With today’s inflation figures coming out and a 7.14% inflation, RBI’s response has been to hike the Cash Reserve Ratio by 0.5% to 8% now. The CRR hike is a signal that the RBI wants to rein in inflation through interest rate hikes.
CRR is the percentage of their money that banks are supposed to deposit with RBI otherwise RBI will get really angry. How does the CRR affect inflation? I mean why would the hafta that banks need to give RBI to stay in business affect the price you pay for vegetables? The answer, my friend, is “magic”.
I wish it were, so that I don’t have to type all of this, most of which is theoretical and amazingly paradoxical considering the state of today’s world, but I’ll go ahead anyhow.
CRR means banks give money to RBI so they have less to lend. And in general they have less money to invest or trade or whatever shady things they do. If they have less to lend, they will raise interest rates to maintain their return on capital. They will trade lesser, because there is less to go around. Or so we all like to think, because this is NOT what is happening right now, but please listen to this theory.
Having less money hanging around means the value of money goes up. Inflation usually means the value of money has gone down. So net-net, the value of money gets stabilised and inflation gets controlled. Clap-Clap.
That must means your vegetable vendor who has a huge loan from your bank, which has just increased interest rates, will now REDUCE his prices because the value of money has gone up. Er. Wait. There is something wrong with that sentence. Uhm. Ok, we don’t really know how veggie prices come down. Maybe RBI sends someone with a gun to all vegetable vendors and they reduce rates. Or maybe it’s magic.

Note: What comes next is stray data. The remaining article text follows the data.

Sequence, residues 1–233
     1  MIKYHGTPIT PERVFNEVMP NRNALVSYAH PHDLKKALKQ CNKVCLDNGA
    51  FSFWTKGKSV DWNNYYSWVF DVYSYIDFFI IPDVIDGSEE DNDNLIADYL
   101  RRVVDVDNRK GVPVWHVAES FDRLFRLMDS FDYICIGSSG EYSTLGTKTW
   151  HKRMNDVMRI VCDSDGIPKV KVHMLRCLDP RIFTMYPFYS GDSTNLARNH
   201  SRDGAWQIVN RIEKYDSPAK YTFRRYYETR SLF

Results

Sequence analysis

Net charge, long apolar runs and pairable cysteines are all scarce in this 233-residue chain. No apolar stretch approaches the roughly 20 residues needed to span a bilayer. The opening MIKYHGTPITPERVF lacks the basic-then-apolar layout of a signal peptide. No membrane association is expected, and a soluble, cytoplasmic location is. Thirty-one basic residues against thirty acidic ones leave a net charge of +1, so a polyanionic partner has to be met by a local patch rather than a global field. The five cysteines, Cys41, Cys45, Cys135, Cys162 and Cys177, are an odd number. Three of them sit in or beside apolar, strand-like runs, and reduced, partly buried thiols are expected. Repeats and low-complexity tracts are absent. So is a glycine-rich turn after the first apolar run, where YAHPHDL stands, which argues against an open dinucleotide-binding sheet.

Whatever happens, interest rate hikes are supposed to be the preferred way to contain inflation. If it works, it is with a serious lag – 6 months to a year. Inflation however is a political problem once it gets out of hand, and right now these 7% figures are just bunk – the real inflation in food and goods prices is much much higher. I’ve seen the price of rice and wheat go up more than 10% in the last two weeks itself, and it’s even higher in the cheapest varieties.
Interest rates weren’t exactly low earlier, so why did prices go up? I think this inflation is imported. Prices abroad have gone up – because for one the US has absurdly low interest rates due to their internal problems – so we have people who prefer to export, or that imports are expensive now. Low interest rates do cause inflation, so inflation in western countries is hopping over here.
Maybe we would do better off by strengthening the rupee. That way imports aren’t much more expensive in rupee terms and exports are less attractive. And it deters anyone thinking they can borrow cheap from the US and get risk free high rates in India – if the dollar depreciates that advantage is wiped out.
But rupee appreciation kills exporters. Still, inflation today is a bigger problem than export jobs, so I’m sure that the numbers will play on the mind of the politicians soon.
If the rupee goes up – it went up by what, 20 paise to the dollar today – we will see all IT stocks impacted seriously. And it’s not just the dollar, it’s the Euro as well, so no hiding there this time. Plus, textile stocks which just went up, will be impacted seriously as well.
Watch the rupee closely. If it hits 39 and goes below, it’s going way below. Inflation has to be controlled. No choice on that matter.